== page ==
Adkins v. Erie Insurance Company is a case that arose from an automobile accident in 2005 that severely injured a young girl under the age of 18. The case began as a declaratory judgment action filed by the victim’s parents, who sought the court’s ruling as to whether they were entitled to damages that they incurred as a result of their daughter’s injuries and the medical costs of helping her recover. Plaintiffs alleged that the woman who caused the accident was insured by defendant Erie Insurance, and the policy she had purchased from defendant provided a $300,000 per accident limit and a $100,000 per-person limit. The victim’s case settled for the per-person limit of $100,000, and as a part of that settlement, plaintiffs reserved the right to file a declaratory judgment action against defendant in order to determine whether the defendant would have to pay an additional sum to plaintiffs under a separate per-person policy limit.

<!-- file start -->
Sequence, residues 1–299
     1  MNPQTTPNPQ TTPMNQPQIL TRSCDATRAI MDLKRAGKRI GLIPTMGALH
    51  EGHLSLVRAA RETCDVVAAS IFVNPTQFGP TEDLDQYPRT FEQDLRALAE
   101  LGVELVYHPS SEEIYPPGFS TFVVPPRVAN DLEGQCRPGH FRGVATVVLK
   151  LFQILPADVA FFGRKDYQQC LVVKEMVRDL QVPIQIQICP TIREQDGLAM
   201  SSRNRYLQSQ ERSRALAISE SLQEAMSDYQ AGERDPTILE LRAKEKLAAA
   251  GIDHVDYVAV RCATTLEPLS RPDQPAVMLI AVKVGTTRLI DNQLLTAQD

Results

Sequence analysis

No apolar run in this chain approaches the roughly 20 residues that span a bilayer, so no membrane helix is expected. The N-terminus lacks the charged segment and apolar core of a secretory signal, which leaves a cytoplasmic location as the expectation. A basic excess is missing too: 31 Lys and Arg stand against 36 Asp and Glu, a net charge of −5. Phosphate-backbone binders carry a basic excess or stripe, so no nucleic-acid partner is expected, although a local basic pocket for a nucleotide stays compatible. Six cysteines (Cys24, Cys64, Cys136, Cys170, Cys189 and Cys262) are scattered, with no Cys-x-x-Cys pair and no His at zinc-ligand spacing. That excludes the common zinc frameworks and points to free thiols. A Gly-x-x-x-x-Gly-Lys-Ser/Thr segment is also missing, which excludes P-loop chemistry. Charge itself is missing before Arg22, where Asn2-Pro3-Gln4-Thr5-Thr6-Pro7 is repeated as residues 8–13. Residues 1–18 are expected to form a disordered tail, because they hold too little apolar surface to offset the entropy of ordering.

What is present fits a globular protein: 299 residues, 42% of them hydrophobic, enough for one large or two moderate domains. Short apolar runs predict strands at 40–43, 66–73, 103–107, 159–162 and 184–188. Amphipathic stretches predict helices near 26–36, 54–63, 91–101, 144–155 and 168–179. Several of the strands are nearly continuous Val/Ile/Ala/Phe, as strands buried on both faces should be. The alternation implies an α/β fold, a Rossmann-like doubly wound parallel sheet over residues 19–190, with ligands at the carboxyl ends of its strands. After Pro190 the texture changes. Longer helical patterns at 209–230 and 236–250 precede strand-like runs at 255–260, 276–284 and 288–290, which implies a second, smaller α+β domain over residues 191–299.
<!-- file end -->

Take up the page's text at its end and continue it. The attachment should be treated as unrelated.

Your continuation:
At the circuit court, defendants proffered evidence that their policy provided coverage for damages from “bodily injury, meaning physical harm, sickness or disease, including care, loss of services, or resultant death.” As a result of this definition, the court found that the plaintiff parents’ claims were separate and distinct from their daughter, and that their claims for expenses and medical treatment for their child. That meant that the claims were not subject to the limitation of liability provision restricting payment to the single, per-person limit. Defendant then moved under rule 60(b) of the West Virginia Rules of Civil Procedure for the court to vacate the order, contending that they had given the court an incorrect and inapplicable definition of bodily injury. Evidently, Defendant had amended the policy at issue so that damages involved “bodily injury, meaning physical harm, sickness or disease, or resultant death of a person” — meaning they had removed the language regarding care and loss of services. As a result of this motion, the circuit court reversed its earlier decision, and held that the per-person limit applied, and that her settlement prevented any further recovery under the insurance policy.